DPhil students Solhee Han and Kun Lee awarded prestigious grants for social policy research

Kun Lee and Solhee Han

Solhee Han and Kun Lee, DPhil students in the Department of Social Policy and Intervention, have been selected to receive prestigious Horowitz Foundation for Social Policy research grants in the social sciences for the 2022 award year. They are among 25 scholars who have received the grant in recognition of their work addressing contemporary issues in social sciences. 

Solhee Han receives the recognition for her research project ‘Welfare State Financing and Redistribution and its Impacts on Public Attitudes’. Solhee also received a special Joshua Feigenbaum Award for an outstanding project in the area of ‘arts, popular culture, and mass communication.’ Solhee conducts comparative studies on welfare state financing and redistribution through taxes and transfers and its impacts on public attitudes towards the welfare state. The project examines the levels and structures of both taxes and transfers to explain the redistribution outcome including the net tax-benefit balance across income groups. It explores how one's net paying or benefiting position besides income affects attitudes towards the welfare state by matching data on taxes, transfers, and attitudes.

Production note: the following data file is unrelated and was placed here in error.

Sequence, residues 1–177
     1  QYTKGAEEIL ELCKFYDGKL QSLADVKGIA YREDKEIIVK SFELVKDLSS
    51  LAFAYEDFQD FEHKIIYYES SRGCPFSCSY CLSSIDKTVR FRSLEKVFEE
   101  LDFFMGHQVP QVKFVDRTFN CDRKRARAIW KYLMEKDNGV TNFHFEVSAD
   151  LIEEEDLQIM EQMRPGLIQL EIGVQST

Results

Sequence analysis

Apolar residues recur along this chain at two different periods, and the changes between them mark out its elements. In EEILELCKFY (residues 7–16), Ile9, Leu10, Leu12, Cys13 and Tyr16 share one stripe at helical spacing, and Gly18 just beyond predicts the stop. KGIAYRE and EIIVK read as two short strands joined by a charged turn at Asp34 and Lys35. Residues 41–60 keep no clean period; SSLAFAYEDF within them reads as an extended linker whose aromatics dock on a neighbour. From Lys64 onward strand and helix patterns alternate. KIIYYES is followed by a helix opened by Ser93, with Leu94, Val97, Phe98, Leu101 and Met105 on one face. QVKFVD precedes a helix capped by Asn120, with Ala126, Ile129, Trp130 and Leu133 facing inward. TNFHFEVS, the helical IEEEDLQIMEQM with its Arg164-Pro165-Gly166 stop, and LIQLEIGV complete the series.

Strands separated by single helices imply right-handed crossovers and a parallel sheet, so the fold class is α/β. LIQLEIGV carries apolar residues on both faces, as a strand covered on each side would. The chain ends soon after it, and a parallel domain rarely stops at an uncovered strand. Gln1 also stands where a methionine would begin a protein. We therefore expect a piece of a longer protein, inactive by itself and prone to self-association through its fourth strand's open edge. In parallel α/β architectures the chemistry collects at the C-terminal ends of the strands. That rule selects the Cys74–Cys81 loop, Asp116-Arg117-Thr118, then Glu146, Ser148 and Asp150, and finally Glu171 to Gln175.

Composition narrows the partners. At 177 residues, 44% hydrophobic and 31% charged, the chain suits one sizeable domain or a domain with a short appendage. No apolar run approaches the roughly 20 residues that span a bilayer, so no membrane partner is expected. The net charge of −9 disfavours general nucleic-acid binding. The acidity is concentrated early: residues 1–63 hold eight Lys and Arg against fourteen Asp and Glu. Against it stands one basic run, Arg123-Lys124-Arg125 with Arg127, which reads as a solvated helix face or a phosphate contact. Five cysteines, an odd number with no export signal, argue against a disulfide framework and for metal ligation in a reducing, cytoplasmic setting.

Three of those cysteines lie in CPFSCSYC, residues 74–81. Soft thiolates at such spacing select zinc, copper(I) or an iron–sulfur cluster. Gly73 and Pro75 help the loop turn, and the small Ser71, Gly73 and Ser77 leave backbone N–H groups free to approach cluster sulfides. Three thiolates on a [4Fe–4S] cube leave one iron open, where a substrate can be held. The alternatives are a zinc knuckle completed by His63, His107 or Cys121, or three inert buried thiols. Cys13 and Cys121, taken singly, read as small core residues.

Kun Lee receives the award for his proposal ‘Social Inequalities of Public Pensions in Aging Welfare States: A Comparative Perspective.’ Kun's research is concerned with multidimensional social inequalities associated with extending working lives in ageing welfare states. His research particularly relates individual-level inequalities of labour market risks, income and well-being to macro-level institutions across welfare regimes, such as pension systems and labour market institutions, which are intended to promote old-age employment. 

Mary Curtis-Horowitz, Chairman of the Board of Trustees for the Horowitz Foundation for Social Policy said: “The awards are competitive: the twenty-five applicants who are receiving awards this year represent less than 5 percent of those who applied.  Although many of the proposals were on topics of social and political importance, the Foundation’s Trustees consider these proposals to be particularly strong, and vibrant examples of how policy research can help meet the challenges of today’s complex society.”